Vice Media, the edgy outlet that has expanded to become a global presence, has laid off at least 15 staff from its news division, adding support to those that believe there is bubble in valuations of digital media. Poynter reports that Vice News is axing 15 digital producers, writers and editors in New York, Los...
Poynter reports that Vice News is axing 15 digital producers, writers and editors in New York, Los Angeles and London.
The move follows recent cuts at Mashable and a downgrade at Buzzfeed after the site missed revenue targets last year.
Vice will invest more resources in television where it believes there are better advertising returns.
In a statement, a Vice spokesperson said the cuts fitted into a larger expansion plan that would ultimately see the company adding jobs and bolstering its daily video, documentary and text offerings.
It is planning to announce new editorial and production bureaus in Hong Kong and San Francisco later this year.
News Corp bought a $US70 million stake in Vice in 2013.
Facebook has told a US Senator John Thune that an internal investigation had found “no evidence of systematic political bias” against conservatives in its trending topics tool.
However, The Wall St Journal reports that Facebook will revamp how the feature works to minimise the potential effects of individual biases.
In a 12-page response to Senator Thune, Facebook said a review found that conservative and liberal topics were approved for the trending feature at “virtually identical rates”.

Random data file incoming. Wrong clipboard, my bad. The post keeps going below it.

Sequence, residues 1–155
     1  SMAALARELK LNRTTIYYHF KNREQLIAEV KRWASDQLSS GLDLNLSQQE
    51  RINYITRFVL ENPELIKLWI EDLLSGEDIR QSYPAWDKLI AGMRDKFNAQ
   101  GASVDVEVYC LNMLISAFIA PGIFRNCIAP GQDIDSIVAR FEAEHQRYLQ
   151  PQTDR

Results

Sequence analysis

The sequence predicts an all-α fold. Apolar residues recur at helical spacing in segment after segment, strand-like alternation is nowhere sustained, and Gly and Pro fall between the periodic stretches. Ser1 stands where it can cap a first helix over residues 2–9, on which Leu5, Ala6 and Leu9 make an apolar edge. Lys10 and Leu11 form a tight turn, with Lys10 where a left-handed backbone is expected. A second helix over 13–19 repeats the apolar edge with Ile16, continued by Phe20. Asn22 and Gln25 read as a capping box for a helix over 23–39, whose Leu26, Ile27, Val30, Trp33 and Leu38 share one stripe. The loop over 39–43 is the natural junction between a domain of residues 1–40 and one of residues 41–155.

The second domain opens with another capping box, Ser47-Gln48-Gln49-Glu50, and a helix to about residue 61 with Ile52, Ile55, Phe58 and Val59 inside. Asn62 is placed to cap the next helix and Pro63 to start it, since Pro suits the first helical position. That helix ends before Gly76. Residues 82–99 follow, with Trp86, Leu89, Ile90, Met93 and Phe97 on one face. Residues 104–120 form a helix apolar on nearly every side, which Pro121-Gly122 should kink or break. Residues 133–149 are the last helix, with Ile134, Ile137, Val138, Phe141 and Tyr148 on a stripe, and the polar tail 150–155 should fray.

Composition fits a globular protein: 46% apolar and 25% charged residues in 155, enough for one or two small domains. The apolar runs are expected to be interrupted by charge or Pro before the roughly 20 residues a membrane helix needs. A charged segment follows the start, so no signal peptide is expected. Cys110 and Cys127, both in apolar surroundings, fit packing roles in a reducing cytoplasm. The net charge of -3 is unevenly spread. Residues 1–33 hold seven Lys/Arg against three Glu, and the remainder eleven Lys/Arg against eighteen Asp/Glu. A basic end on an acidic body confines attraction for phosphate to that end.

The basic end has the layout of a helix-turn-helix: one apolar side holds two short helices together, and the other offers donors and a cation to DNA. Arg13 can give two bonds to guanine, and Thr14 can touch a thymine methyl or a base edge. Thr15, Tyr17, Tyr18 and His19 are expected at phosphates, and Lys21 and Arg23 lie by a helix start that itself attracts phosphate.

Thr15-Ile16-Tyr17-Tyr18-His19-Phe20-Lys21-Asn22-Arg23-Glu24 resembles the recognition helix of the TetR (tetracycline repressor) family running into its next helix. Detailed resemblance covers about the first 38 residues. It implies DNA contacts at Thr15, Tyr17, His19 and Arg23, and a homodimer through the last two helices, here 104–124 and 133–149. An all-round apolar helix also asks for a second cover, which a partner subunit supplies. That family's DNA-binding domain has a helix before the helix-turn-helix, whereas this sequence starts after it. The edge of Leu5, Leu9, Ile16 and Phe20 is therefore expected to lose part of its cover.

The two most frequent topics since early 2015, Facebook said, are Republican presidential candidate Donald Trump and the subject “#GOPDebate.”
Still, Facebook said it could not rule out the possibility of “isolated improper actions or unintentional bias” by workers in how trending topics were selected.
The company said it is making several changes intended to “minimise risks where human judgment is involved”.
Among other things, Facebook said the curators who assembled and approved topics would no longer rely on external websites and news outlets to assess the importance of potential topics.
Facebook may still have a lead when it comes to brands pushing out video ads on the platform, but its visual social network Instagram is slowly catching up, according to Digiday.
From December 2015 to March of this year, video ad impressions on Instagram jumped from 30 to 65 percent, according to a study by Brand Networks.
Instagram has been making efforts to court advertisers. In February, it unveiled 60-second video ads and also started counting views on videos, giving marketers a better idea of how many people watch their clips.
Earlier this month, it also extended its carousel ad format, allowing marketers to post videos that users can swipe through.
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